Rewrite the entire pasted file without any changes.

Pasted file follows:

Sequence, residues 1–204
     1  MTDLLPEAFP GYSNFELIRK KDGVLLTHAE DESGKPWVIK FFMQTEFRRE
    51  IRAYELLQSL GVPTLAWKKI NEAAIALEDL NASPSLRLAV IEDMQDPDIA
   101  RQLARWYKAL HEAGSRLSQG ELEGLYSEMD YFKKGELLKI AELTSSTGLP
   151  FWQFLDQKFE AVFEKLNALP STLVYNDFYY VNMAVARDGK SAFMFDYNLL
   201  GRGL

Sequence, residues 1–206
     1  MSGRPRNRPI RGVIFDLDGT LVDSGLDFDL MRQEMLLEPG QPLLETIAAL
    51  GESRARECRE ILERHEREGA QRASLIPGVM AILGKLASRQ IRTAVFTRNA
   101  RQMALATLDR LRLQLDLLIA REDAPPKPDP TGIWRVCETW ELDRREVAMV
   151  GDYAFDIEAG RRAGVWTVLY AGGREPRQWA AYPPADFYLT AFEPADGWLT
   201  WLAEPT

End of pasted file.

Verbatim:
Sequence, residues 1–204
     1  MTDLLPEAFP GYSNFELIRK KDGVLLTHAE DESGKPWVIK FFMQTEFRRE
    51  IRAYELLQSL GVPTLAWKKI NEAAIALEDL NASPSLRLAV IEDMQDPDIA
   101  RQLARWYKAL HEAGSRLSQG ELEGLYSEMD YFKKGELLKI AELTSSTGLP
   151  FWQFLDQKFE AVFEKLNALP STLVYNDFYY VNMAVARDGK SAFMFDYNLL
   201  GRGL

Sequence, residues 1–206
     1  MSGRPRNRPI RGVIFDLDGT LVDSGLDFDL MRQEMLLEPG QPLLETIAAL
    51  GESRARECRE ILERHEREGA QRASLIPGVM AILGKLASRQ IRTAVFTRNA
   101  RQMALATLDR LRLQLDLLIA REDAPPKPDP TGIWRVCETW ELDRREVAMV
   151  GDYAFDIEAG RRAGVWTVLY AGGREPRQWA AYPPADFYLT AFEPADGWLT
   201  WLAEPT